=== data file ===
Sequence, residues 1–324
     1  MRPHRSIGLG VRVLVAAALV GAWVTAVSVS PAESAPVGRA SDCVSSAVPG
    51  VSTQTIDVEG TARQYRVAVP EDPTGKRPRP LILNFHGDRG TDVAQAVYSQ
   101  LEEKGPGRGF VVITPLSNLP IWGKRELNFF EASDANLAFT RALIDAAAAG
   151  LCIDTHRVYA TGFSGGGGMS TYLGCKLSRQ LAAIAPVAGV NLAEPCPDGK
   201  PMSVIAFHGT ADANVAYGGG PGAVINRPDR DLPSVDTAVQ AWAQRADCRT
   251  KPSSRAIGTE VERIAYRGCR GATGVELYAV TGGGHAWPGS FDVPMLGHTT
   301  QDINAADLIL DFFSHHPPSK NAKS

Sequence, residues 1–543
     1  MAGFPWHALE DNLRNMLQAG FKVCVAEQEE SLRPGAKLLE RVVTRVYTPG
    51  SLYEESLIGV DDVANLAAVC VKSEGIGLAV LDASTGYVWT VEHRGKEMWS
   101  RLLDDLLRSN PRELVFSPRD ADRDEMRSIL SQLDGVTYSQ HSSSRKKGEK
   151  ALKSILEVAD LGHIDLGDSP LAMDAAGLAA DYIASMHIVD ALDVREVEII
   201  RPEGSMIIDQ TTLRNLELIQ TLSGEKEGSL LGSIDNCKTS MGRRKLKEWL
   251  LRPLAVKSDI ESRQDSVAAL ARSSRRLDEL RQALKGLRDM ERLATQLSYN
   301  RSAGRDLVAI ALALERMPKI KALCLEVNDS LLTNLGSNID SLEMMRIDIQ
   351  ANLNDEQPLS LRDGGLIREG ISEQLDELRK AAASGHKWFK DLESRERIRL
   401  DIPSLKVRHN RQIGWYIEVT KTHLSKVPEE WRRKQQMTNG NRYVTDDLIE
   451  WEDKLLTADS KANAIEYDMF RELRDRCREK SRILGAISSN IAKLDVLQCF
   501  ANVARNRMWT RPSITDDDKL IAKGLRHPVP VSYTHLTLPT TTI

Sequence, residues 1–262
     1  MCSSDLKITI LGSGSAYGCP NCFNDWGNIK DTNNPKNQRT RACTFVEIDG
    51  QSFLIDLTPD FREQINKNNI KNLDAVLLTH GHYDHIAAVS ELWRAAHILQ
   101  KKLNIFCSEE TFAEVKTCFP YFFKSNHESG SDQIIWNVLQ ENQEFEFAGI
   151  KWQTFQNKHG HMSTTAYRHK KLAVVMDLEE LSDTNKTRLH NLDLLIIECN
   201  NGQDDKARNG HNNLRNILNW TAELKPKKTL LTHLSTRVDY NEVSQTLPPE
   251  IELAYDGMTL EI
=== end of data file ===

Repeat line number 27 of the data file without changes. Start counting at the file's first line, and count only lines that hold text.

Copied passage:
   251  IELAYDGMTL EI